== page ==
Roy Hibbert is being wined and dined out west by Portland and may leave Indiana scrambling to find a replacement on July 11. 

    That leaves Miami and Boston as the two constants and thus the two with the best shot of reaching the Eastern Conference Finals.

Keeping Good Players off Fellow Contenders

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    Two teams making a major push for Ray Allen's services this offseason are Miami and New York. Both compete directly with Boston in the East, New York more specifically in the Atlantic.

    Is Allen such a significant upgrade for the Heat that he would make them unbeatable and a shoo-in to repeat? Absolutely not. However, he does represent a tangible upgrade in one aspect of a basketball game, and that matters so much in the playoffs.

    Allen is the best there is at a skill that gives you one more point than any other shot. A crushing Ray Allen three has terminated more NBA teams' postseason runs than almost any other act. That is reason enough to try and sign him back to Boston to keep him out of enemy hands. 

    Even with the addition of Jason Terry, the Celtics seem intent on bringing Allen back to bolster their bench.

But We Wanted a Youth Movement!

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    The reality of this whole situation is that Boston isn't bringing back the Big Three. That ended a couple years ago when the Ray Allen slide began, Paul Pierce couldn't go eye to eye with the top wing players consistently, and Kevin Garnett started getting the five-in, five-out treatment.

    They are simply bringing in some of the best available talent. Fortunately for them, that talent already meshes well together. Of the most desirable free agents on the market this year, Garnett and Allen are high up on that list.

    Make no mistake, though: If Allen is coming back, it is as a complementary player. Avery Bradley should be starting alongside Rajon Rondo, giving them a young and quick backcourt. Garnett is coming back to start, but his minutes will be tempered once again as the Celtics spent two first-round picks on big men in the 2012 draft.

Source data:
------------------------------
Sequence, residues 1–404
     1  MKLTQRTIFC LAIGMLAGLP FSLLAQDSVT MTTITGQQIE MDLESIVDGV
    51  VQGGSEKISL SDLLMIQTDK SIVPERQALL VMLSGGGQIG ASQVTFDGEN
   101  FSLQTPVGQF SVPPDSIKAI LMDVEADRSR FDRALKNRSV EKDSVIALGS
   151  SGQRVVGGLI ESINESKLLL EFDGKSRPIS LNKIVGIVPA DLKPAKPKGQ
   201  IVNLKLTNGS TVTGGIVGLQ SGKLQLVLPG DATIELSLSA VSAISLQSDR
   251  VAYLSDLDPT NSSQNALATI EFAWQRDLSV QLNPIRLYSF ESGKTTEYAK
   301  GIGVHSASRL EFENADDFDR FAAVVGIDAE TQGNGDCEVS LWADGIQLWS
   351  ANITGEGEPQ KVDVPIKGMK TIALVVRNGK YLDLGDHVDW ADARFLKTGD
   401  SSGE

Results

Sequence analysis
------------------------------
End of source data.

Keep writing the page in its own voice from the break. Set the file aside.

Boston did get younger—not through free agency, but through its own system.

One Win Away from the Finals

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    Fans and media tend to get caught up with "the future" a lot. This has been happening in Boston for the past few years to excess. Looking objectively, this team was one win in two chances away from competing in the NBA Finals.

    You can yell out all the arguments of injuries to star players in the East until you are blue in the face. Boston took injuries as well. It lost one starter and two key reserves for the season in Jermaine O'Neal, Chris Wilcox and Jeff Green. They lost starting two-guard Avery Bradley for the Eastern Conference finals, as well. 

    The clamoring for a youth movement is happening while an elite team is still playing in the TD Garden, no matter the age. Boston is "bringing the band back" not for sentimentality or because better options aren't available. It's bringing it back because it was a top-three team in the NBA a month ago. 

    That is what is on Danny Ainge's mind as he attempts to reach agreements with his free agents before July 11.